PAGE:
An investigation into the matter is ongoing. A spokesman for Choice Hotels reported that the bulk of the file consisted of test information, including dummy payment card numbers, passwords and populated reservation fields. They did confirm, however, the presence of some 700,000 genuine guest records and included names, addresses and phone numbers.
The hackers left a ransom note in the database, demanding 0.4 Bitcoin for the safe return of the data. Based on recent prices, that amounts to about $4,000. Assuming the company decides to pay and assuming the hackers keep their word, that is a small price to pay given the number of compromised records.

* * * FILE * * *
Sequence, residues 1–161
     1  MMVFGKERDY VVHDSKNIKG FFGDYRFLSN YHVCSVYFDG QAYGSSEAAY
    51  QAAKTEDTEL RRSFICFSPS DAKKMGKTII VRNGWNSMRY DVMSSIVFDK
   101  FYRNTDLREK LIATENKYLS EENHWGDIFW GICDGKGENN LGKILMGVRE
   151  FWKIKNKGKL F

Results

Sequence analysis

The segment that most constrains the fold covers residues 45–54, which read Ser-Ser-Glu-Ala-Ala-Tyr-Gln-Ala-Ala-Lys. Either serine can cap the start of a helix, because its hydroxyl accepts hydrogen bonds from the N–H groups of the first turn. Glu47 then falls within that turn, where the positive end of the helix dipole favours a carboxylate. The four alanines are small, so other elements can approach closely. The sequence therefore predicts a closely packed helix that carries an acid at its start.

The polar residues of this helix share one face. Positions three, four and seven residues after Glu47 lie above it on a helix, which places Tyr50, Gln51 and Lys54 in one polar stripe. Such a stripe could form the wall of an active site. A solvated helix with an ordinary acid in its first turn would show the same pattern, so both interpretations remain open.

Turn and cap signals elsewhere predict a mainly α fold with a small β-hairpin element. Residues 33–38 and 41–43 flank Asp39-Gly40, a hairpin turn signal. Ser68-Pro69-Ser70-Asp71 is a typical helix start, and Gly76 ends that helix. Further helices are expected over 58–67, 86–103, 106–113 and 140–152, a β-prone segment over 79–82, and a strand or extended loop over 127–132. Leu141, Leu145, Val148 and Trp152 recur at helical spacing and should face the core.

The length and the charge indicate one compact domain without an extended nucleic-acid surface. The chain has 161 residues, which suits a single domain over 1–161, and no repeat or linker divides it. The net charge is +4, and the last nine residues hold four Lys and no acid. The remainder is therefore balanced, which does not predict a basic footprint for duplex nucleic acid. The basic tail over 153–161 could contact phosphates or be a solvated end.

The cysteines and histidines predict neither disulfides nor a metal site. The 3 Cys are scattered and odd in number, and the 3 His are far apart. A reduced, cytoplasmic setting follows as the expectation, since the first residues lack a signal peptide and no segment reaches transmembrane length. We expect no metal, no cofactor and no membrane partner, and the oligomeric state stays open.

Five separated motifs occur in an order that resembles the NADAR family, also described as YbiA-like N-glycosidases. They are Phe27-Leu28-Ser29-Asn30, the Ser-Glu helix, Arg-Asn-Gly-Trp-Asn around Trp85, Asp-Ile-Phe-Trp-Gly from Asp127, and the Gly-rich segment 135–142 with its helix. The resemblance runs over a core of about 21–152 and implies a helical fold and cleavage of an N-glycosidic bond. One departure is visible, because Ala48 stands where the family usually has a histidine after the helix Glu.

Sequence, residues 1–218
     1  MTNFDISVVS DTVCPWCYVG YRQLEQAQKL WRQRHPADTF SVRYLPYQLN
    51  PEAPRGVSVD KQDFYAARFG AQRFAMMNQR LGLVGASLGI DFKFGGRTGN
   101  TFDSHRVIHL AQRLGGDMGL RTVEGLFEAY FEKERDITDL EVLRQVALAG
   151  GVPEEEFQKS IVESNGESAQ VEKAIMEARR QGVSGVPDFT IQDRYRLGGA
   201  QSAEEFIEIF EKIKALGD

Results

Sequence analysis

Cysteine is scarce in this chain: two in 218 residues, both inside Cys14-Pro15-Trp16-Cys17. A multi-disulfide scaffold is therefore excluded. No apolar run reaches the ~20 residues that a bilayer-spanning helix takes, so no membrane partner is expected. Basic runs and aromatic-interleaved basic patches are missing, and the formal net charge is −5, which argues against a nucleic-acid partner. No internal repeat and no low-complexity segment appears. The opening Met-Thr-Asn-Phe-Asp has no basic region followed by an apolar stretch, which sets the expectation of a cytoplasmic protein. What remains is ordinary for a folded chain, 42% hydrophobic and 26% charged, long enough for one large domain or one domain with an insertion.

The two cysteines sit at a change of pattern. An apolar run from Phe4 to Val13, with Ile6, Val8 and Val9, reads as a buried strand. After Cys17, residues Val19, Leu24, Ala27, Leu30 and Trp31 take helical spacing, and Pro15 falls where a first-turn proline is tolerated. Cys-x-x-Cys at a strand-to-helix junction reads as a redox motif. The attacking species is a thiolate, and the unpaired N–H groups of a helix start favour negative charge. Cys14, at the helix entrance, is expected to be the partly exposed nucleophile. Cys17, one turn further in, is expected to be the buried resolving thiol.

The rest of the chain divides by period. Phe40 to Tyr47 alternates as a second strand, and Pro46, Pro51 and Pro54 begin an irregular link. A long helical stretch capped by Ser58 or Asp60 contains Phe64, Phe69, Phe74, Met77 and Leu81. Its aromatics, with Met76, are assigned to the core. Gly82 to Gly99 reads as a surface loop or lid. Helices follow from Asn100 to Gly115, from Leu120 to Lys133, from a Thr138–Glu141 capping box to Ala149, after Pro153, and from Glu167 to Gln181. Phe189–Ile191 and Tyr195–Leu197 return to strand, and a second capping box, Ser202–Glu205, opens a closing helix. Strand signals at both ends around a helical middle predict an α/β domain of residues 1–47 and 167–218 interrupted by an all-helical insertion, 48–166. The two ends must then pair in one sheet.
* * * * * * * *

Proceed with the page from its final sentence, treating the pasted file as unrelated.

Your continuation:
Choice Hotels reported that the database was exposed when a third-party vendor accessed it as part of a proposal to provide a tool. Due to the lapse in security, Choice Hotels has decided not to work with that vendor again.
Their announcement about the incident reads, in part, as follows:
“We are evaluating other vendor relationships and working to put additional controls in place to prevent any future occurrences of this nature… We are also establishing a Responsible Disclosure Program and we welcome Mr. Diachenko’s assistance in helping us identify any gaps.”
This lukewarm response to the incident has done little to ease the concerns of Choice Hotels’ customers. To this point, no notifications have been sent out to customers whose data has been compromised. If you stay at Choice Hotels when you travel, be mindful that you may be receiving targeted phishing emails and that your payment card information may have been compromised.